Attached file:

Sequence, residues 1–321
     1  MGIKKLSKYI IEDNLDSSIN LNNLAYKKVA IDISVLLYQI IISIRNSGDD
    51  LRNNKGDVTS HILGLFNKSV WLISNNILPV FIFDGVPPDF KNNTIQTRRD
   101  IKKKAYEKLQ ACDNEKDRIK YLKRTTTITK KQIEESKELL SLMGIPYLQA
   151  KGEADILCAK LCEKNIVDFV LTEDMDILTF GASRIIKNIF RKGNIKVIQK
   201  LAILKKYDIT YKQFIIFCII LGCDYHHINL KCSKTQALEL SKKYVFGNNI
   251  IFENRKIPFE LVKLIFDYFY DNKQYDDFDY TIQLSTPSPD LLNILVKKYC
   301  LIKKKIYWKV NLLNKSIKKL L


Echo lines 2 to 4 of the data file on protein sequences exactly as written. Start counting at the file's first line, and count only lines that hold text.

     1  MGIKKLSKYI IEDNLDSSIN LNNLAYKKVA IDISVLLYQI IISIRNSGDD
    51  LRNNKGDVTS HILGLFNKSV WLISNNILPV FIFDGVPPDF KNNTIQTRRD
   101  IKKKAYEKLQ ACDNEKDRIK YLKRTTTITK KQIEESKELL SLMGIPYLQA